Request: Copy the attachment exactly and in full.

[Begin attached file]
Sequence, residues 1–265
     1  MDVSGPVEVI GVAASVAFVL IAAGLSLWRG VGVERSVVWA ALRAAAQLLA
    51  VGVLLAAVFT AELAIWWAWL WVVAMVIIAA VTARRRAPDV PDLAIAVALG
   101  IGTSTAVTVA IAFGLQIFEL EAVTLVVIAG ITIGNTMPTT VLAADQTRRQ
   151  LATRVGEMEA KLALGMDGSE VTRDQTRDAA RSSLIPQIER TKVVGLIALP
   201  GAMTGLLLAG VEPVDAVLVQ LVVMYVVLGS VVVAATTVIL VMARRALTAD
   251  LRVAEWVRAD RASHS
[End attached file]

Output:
Sequence, residues 1–265
     1  MDVSGPVEVI GVAASVAFVL IAAGLSLWRG VGVERSVVWA ALRAAAQLLA
    51  VGVLLAAVFT AELAIWWAWL WVVAMVIIAA VTARRRAPDV PDLAIAVALG
   101  IGTSTAVTVA IAFGLQIFEL EAVTLVVIAG ITIGNTMPTT VLAADQTRRQ
   151  LATRVGEMEA KLALGMDGSE VTRDQTRDAA RSSLIPQIER TKVVGLIALP
   201  GAMTGLLLAG VEPVDAVLVQ LVVMYVVLGS VVVAATTVIL VMARRALTAD
   251  LRVAEWVRAD RASHS